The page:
The optical flow seen in Figure 5. is used to measure the movement of the scene. Since the sensors are mounted on vessels that float, move, turn, and roll… the movement seem by the camera is a combination of the objects speed and the own vessel ego motion. This ego motion must be precisely estimated and removed to successfully track and predict the visual objects trajectories.
In Figure 6, the Awareness System (AS) is tracking vessels (2) and (5) accordingly. Vessel 2 size requires signals sent via AIS by law. The latter one (vessel 5) in turn is so small there are no AIS requirements for broadcasting its position and thus can easily be missed if relayed only on traditional tracking systems.
Another advantage of AS is the prediction it can give on the map about the future location of the vessel. This is achieved by applying Kalman filters to sensor fusion, allowing the prediction of possible crashing points with nearing vessels.
The orange lines in Figure 7. are from the camera view and are affected by the small shakes produced by the water. The blue lines are the information provided by the AIS. To successfully combine the two sources, track fusion communicates to the AS that the orange lines and the blue lines are the same vessel.
Groke’s Awareness System puts all the information in one single UI, giving an accurate and reliable picture of nearby vessels’ location, speed, and trajectories. As mentioned above, the final users of the system enjoy a different -yet to be disclosed- view of the Awareness System, providing only relevant information to help navigate.
Watch the webinar
If you want to see the entire videos described above from the webinar, watch the webinar from here.
Q&A session from the webinar
Q. What are the main differences in situational awareness in the marine industry vs. automotive industry?
Jesus Carabano Bravo, Senior AI Scientist, Silo AI: First of all, a car needs to be able to react fast, within half a second, to prevent possible danger. In a vessel, you can likely be slower but you need to be very precise. With huge container ships, if you make the wrong decision then you cannot stop it anymore.
In a car, you have a fixed heading. Fixed heading means that where you look is likely the direction you will head toward. At sea, we are always drifting over the water that makes it more difficult to estimate where you’re going. Additionally, constantly changing elevation (due to water bouncing the vessel up and down) and the fact that we’re looking so far away makes understanding where an object is far away very difficult.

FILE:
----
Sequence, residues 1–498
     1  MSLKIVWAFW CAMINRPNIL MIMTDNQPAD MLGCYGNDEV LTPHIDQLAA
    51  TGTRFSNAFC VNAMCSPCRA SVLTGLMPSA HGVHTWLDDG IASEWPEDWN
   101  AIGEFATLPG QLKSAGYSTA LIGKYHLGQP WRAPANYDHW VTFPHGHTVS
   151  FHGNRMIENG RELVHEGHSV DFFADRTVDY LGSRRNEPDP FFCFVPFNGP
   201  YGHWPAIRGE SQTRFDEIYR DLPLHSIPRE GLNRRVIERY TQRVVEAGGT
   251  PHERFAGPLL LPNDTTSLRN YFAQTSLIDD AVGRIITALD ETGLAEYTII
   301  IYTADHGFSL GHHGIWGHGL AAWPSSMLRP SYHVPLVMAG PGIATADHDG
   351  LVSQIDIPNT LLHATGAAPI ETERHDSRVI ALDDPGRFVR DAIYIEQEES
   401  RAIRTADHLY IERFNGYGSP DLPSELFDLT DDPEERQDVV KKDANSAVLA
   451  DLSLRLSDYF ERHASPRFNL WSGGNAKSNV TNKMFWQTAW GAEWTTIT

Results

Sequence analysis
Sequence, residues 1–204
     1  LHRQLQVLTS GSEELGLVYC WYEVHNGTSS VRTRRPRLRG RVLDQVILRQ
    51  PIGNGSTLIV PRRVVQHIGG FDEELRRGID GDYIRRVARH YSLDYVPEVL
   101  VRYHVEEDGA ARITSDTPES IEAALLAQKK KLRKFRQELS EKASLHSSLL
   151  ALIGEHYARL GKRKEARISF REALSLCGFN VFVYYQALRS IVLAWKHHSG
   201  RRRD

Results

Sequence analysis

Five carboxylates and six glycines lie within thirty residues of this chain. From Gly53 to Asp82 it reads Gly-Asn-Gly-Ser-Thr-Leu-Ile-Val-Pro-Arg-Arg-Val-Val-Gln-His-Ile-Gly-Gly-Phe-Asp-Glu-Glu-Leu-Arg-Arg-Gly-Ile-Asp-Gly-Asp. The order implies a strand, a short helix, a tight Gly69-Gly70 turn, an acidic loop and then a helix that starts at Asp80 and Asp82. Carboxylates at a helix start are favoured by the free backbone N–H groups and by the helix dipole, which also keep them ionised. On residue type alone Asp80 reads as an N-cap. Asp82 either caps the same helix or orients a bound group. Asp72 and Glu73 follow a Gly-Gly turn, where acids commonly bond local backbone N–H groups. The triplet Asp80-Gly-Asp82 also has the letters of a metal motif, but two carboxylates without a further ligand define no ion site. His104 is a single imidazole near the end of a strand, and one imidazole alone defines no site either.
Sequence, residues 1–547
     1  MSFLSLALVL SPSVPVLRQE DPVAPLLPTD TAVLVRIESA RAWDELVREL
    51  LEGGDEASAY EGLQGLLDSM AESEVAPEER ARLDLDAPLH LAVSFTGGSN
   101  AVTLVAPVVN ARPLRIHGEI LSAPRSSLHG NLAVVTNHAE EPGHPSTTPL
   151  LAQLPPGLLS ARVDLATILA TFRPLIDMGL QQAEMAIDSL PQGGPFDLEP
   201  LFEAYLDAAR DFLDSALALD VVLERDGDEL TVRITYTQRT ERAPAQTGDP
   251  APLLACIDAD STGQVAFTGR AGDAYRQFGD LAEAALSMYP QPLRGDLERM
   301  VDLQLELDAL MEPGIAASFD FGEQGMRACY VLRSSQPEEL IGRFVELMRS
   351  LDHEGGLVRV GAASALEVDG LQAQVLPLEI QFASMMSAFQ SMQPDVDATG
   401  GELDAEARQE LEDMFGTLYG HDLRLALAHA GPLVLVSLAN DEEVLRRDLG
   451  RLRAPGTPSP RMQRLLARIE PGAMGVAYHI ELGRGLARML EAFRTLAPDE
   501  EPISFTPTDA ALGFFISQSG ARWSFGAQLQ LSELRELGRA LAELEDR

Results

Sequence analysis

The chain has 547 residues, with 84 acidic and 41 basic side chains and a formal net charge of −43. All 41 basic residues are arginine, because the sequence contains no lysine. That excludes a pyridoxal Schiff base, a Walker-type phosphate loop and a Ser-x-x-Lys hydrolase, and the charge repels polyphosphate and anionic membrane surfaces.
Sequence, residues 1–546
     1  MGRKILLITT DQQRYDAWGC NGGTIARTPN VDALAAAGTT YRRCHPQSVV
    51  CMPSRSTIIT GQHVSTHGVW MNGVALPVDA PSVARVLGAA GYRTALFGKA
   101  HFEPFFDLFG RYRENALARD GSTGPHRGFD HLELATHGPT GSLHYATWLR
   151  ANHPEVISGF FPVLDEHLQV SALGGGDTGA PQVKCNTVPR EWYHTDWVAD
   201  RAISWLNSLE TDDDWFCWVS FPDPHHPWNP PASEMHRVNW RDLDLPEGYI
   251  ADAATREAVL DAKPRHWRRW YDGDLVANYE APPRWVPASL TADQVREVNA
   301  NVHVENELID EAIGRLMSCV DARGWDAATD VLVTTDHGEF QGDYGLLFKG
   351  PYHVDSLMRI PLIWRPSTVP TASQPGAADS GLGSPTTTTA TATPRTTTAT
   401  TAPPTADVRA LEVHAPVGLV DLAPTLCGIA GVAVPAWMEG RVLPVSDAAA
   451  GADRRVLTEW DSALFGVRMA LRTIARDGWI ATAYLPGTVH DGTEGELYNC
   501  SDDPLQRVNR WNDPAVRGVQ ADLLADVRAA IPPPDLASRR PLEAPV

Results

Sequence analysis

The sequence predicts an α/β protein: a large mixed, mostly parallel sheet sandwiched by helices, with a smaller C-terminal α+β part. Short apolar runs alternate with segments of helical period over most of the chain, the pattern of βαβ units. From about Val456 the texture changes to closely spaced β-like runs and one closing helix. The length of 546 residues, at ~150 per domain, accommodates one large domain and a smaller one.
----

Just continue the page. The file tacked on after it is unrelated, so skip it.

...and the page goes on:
For a deeper dive into situational awareness for autonomous machinery, read our latest blog post.
Q. Have you solved the dilemma of fog since the awareness system is assisting in poor visibility situations?
Juha Rokka, CEO, Groke Technologies: Fog will be one of the most difficult conditions but, by using a thermal camera, we can improve visibility.
Q. Have you used virtual simulation environments to generate training data?
Juha Rokka, CEO, Groke Technologies: We are currently developing virtual simulations and plan to include all sensor simulations
Q. Have you considered using stereographic, or multiple cameras to have more accurate distance estimation?
Juha Rokka, CEO, Groke Technologies: We have considered the option for stereo cameras and from a technology point of view, this is doable. Also using a PTZ camera as a binocular is possible.
Q. What do the heavy rain, snowy conditions, and other situations of reduced visibility affect AS?
Juha Rokka, CEO, Groke Technologies: Environmental impact is of course always there and will mostly affect the accuracy of the detection and distance. We are working on dynamic capability. This means the situation can be enhanced by constantly being aware of the specific conditions, the combination of the day, the thermal, the application of machine learning, and sensor fusion.
Q. For training algorithms, it would be important to have some sort of simulated environment to be able to run thousands of scenarios. We know from the car industry that there exist several different simulators with this purpose, but what about simulating vessels?
Juha Rokka, CEO, Groke Technologies: We have simulation tool development ongoing, as at present there are not many suitable simulation tools available out there.
Q. Do you use Lidar sensors?
Jesus Carabano Bravo, Senior AI Scientist, Silo AI: The problem with Lidar is that the cheaper automotive Lidar doesn’t really have the reach (in distance) to be useful in maritime. There are some expensive Lidar solutions that do work in the maritime environment, but their costs are more than the cameras and all the sensors combined. So in that sense, it is difficult to justify their use here.
Would you like to work with a skilled AI Scientist like Jesus? Get in touch with our VP of Business Development Pertti Hannelin to find out how we could help at email@example.com or via LinkedIn.